Friday Bridge is a glimpse behind the veil into Islam untainted by cultural influence from the lived experience of a woman who navigated life between East and West, White and Brown, hedonism and piety.
Navigating the cultural landscape of Islam in Britain, the racial divides, Islamophobia, as well as the prejudices within the various Islamic communities themselves and their varying belief systems, Bates takes us on an insightful journey of a faith unfolding and what it means to be a successful, educated businesswoman, who chooses the most hated religion in the world.
Running throughout the story is the hedonistic rave and drug culture of Britain in the 90s. From illegal raves to club nights, euphoric highs and immense lows as friends die, and fall by the wayside – especially when the terror attacks of 9/11 and the 7/7 bombings take place.
Bates shares with us the goings on inside the mosques of Sheffield, answers the questions so many want to ask but are afraid of doing so in the ever increasing 'cancel culture' and hyper sensitivity of today's Western Cultures.
Her powerful sharing of her husband's brain injury and trauma, and the impact that has on her as she is left to deal with renovating a home, running a business and navigating the prejudices and cultural conflicts between her small farming village family and her husband's Arabian city family, gifts us moving moments of love, and the powerful feminine resilience running through every fiber of her body.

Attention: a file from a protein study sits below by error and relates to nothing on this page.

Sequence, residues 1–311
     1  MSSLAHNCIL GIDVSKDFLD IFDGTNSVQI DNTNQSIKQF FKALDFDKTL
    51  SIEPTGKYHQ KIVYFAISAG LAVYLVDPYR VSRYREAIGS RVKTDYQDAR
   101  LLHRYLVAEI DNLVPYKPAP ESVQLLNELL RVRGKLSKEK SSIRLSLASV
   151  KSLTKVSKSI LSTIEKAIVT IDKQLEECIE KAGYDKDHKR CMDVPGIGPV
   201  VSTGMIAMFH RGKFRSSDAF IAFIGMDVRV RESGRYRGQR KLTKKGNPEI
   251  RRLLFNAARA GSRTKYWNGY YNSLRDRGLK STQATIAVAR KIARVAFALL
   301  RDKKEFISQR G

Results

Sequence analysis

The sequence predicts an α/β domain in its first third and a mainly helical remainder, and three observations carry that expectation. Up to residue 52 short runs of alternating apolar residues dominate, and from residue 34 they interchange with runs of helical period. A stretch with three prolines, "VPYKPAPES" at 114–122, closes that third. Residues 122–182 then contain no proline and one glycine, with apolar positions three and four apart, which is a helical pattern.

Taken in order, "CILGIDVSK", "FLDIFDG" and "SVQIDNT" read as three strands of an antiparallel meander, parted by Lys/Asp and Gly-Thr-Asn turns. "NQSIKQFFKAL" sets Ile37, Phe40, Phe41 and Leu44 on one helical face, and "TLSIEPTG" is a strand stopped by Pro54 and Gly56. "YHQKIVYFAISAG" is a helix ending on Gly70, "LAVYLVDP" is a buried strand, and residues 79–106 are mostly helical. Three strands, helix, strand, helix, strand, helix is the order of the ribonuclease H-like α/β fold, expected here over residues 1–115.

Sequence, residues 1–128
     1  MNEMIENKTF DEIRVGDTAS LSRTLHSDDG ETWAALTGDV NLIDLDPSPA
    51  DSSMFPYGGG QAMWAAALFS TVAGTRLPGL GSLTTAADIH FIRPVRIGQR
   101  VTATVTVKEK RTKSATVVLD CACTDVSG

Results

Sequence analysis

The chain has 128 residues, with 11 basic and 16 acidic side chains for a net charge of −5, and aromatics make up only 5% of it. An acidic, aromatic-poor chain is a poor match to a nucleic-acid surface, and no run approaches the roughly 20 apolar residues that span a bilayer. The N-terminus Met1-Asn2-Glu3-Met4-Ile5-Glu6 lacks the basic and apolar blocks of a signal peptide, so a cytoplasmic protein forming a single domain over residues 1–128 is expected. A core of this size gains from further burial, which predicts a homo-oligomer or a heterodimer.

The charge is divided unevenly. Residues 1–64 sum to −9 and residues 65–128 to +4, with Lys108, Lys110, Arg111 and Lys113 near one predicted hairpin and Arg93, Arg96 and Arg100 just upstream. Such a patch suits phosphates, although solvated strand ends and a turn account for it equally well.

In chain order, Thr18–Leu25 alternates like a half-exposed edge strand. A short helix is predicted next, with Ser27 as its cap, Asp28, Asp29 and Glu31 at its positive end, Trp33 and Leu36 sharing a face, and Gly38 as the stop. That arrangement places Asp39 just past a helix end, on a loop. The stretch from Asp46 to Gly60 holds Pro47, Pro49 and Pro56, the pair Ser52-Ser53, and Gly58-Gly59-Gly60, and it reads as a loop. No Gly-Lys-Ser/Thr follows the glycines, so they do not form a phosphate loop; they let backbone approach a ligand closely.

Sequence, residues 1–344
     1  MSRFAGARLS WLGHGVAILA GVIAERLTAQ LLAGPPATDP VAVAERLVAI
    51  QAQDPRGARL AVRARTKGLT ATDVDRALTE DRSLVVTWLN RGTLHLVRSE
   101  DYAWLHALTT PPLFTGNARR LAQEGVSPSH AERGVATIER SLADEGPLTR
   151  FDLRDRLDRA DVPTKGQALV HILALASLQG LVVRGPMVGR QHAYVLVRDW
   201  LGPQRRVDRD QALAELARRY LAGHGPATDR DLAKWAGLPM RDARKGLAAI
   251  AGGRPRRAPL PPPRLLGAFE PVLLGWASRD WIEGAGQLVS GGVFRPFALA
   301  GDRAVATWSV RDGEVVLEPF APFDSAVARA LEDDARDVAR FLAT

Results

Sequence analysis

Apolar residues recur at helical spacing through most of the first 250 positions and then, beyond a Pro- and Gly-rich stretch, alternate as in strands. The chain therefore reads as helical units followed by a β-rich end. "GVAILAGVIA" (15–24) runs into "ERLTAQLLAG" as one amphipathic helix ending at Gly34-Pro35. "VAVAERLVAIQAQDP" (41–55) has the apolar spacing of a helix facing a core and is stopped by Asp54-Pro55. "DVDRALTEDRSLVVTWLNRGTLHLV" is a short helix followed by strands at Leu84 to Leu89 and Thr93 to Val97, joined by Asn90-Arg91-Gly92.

With her keen awareness and professional experience of working within the areas of cultural difference and cohesion, living life as a "terrorist" and "posh Paki", as well as facing a different kind of terrorism from those who support Britain First and the English Defence League, as well as the UKIP followers, Dawn shares the often heart-breaking reality of choosing a faith everyone loves to hate.
From random police stops and checks, fighting for social justice, religious freedom, peaceful integration and doing her best to understand what it means to be British; this book brings together the hidden meaning of 'British values' over the last thirty years of modern Britain.
It is the reality of a white English girl who fell in love with a 'bloody foreigner'.
This is a book which is guaranteed to make readers stop and analyse everything they think they know about multicultural Britain, and reflect on their own interactions with neighbours, colleagues and strangers.
With brilliantly funny anecdotes, tear jerking moments and a heart worn on her sleeve, Dawn Bates is the voice of humanity, as well as diversity, equity and inclusion that the world needs to hear more from.